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Color Genomics Maps New Customer Inroads With Cancer Dx Testing Partnerships

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NEW YORK (GenomeWeb) – GenomeDx announced last week that patients who receive its prostate cancer risk analysis can now also order genetic testing for hereditary cancer risk mutations provided by Color Genomics.

The announcement is the second of its kind featuring Color. This February, liquid biopsy firm Cynvenio described a similar arrangement in which clinicians can now test breast cancer patients for alterations in the 30 genes on Color's hereditary cancer panel alongside Cynvenio's ClearID breast cancer test.

In both cases, patients gain the ability to order Color's hereditary test through the company that is already investigating their cancer. Color still analyzes and returns results through its established systems, but rather than having to seek out hereditary testing from what is now a very large number of providers, customers of both Cynvenio and GenomeDx who want germline analysis for their patient can just order it directly through those companies.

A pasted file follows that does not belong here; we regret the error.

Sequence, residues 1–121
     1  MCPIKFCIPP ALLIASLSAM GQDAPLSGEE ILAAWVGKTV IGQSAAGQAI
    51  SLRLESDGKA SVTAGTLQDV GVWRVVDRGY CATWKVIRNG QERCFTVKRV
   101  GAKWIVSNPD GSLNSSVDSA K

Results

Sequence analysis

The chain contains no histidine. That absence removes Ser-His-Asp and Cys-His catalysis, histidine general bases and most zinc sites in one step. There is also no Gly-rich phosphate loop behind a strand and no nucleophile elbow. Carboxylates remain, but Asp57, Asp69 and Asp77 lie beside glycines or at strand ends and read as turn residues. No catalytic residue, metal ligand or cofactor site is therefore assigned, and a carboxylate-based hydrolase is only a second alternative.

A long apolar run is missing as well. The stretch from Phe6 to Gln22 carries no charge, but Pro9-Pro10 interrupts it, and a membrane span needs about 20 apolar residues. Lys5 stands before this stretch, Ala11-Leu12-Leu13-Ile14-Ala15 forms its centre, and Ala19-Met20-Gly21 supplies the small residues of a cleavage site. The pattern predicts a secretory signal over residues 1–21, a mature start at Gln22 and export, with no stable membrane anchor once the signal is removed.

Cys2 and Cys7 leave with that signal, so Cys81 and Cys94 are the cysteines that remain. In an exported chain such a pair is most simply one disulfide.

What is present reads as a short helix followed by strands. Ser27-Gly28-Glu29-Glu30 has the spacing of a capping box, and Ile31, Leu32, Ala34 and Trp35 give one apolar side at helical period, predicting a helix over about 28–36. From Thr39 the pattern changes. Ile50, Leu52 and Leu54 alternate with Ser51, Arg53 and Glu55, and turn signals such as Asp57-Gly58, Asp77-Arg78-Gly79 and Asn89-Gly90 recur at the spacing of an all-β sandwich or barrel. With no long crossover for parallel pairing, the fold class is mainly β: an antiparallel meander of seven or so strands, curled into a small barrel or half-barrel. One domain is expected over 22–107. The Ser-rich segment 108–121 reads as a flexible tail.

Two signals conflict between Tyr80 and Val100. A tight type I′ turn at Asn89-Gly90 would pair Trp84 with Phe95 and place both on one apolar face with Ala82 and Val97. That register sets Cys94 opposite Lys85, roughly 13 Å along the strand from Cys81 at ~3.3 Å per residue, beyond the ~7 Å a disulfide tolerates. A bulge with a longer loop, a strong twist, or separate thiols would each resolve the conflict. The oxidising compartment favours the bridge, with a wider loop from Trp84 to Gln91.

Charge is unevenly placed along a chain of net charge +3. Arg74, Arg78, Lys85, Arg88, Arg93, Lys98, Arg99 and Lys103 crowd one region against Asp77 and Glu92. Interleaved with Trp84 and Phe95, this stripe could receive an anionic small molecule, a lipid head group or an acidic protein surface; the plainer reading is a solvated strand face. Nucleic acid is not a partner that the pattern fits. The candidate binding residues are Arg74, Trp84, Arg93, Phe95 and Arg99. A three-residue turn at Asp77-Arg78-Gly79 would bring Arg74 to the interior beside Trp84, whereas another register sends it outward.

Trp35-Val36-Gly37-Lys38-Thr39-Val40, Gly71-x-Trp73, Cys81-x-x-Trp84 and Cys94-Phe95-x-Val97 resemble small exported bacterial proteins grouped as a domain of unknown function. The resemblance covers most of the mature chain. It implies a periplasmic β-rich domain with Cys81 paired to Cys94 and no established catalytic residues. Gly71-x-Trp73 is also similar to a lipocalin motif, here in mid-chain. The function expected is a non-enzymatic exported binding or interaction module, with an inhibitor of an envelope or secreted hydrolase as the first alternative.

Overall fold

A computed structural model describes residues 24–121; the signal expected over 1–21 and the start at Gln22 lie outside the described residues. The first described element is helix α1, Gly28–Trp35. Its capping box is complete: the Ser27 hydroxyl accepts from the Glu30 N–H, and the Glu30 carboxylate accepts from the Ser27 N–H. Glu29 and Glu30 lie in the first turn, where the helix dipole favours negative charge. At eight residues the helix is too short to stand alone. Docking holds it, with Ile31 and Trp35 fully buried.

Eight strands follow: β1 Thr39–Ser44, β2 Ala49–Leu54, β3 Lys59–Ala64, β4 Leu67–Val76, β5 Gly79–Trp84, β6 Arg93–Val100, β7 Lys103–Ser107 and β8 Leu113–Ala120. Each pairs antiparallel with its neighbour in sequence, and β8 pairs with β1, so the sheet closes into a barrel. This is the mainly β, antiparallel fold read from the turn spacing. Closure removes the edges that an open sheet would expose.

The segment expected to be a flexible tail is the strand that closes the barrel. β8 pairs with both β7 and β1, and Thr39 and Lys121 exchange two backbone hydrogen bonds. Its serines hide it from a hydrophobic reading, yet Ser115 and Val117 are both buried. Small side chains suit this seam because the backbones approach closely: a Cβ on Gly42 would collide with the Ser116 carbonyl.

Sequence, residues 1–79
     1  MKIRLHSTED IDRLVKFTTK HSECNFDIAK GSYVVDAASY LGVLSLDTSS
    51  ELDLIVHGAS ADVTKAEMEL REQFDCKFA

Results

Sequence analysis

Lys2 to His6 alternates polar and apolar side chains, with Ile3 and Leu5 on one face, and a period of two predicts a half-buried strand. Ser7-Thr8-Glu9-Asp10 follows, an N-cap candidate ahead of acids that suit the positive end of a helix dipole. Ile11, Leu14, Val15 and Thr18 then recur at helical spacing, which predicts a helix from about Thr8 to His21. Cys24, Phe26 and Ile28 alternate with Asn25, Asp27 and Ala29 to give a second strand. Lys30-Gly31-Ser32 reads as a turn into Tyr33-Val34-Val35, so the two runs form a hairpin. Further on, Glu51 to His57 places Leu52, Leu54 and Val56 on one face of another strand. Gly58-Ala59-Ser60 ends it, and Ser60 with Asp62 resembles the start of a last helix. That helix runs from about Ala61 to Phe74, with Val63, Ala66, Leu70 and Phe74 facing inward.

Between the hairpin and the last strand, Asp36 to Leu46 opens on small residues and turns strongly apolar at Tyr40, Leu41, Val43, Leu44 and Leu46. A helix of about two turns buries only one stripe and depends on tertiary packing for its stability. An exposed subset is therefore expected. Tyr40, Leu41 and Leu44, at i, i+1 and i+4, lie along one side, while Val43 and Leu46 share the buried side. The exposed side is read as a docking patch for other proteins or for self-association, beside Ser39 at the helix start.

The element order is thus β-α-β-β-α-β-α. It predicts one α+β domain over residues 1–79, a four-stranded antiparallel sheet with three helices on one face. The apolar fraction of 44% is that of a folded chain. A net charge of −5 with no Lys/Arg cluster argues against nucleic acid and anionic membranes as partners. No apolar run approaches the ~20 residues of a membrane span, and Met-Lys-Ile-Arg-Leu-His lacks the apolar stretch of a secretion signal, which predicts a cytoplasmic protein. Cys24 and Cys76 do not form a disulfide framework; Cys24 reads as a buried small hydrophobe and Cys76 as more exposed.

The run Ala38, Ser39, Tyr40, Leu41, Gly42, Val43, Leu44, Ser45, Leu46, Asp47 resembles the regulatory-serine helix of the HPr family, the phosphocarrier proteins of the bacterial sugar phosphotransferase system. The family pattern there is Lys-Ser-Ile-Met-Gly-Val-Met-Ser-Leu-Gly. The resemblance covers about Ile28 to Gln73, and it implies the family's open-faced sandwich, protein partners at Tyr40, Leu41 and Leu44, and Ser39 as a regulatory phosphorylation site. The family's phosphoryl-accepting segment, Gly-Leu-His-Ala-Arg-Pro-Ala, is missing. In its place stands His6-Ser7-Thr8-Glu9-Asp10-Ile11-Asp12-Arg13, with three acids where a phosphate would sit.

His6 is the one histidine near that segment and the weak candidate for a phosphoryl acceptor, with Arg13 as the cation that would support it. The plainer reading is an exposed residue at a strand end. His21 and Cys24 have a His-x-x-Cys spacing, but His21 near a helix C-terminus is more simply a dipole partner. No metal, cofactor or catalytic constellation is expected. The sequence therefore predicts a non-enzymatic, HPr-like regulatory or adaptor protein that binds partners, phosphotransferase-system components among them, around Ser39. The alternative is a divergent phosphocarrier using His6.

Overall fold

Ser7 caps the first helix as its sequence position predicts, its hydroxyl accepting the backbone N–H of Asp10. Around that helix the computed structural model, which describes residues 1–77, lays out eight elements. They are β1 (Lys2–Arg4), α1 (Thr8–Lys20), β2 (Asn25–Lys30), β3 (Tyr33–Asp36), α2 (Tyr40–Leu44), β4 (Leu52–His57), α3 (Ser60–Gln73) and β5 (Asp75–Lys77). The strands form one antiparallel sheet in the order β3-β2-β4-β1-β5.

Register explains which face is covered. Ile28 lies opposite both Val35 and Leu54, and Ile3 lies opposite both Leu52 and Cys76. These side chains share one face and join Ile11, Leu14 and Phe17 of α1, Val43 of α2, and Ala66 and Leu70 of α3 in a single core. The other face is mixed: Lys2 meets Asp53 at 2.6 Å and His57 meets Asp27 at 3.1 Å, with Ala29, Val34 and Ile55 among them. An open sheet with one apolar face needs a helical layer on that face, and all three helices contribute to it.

None of the three firms have discussed how this arrangement works financially, but GenomeDx President and CSO Elai Davicioni said that the agreement between Color and his firm is reflective of a mutual desire to increase access to hereditary cancer testing.

According to Color's VP of Global Sales, Marketing, and Operations Darrin Crisitello, both GenomeDx and Cynvenio provide "really important" testing to individuals currently diagnosed with cancer.

And though each company has a different focus and different models for offering their tests, the similarity is that both serve patients for whom Color could be used to determine an underlying hereditary contribution to their disease.

"It's important to individuals, but also to family members. And I think the value for offering [our test] in conjunction is specific to our mission of getting hereditary cancer testing to as many people as possible," Crisitello said.

"This is just another way to do that … it’s a vehicle for that patient."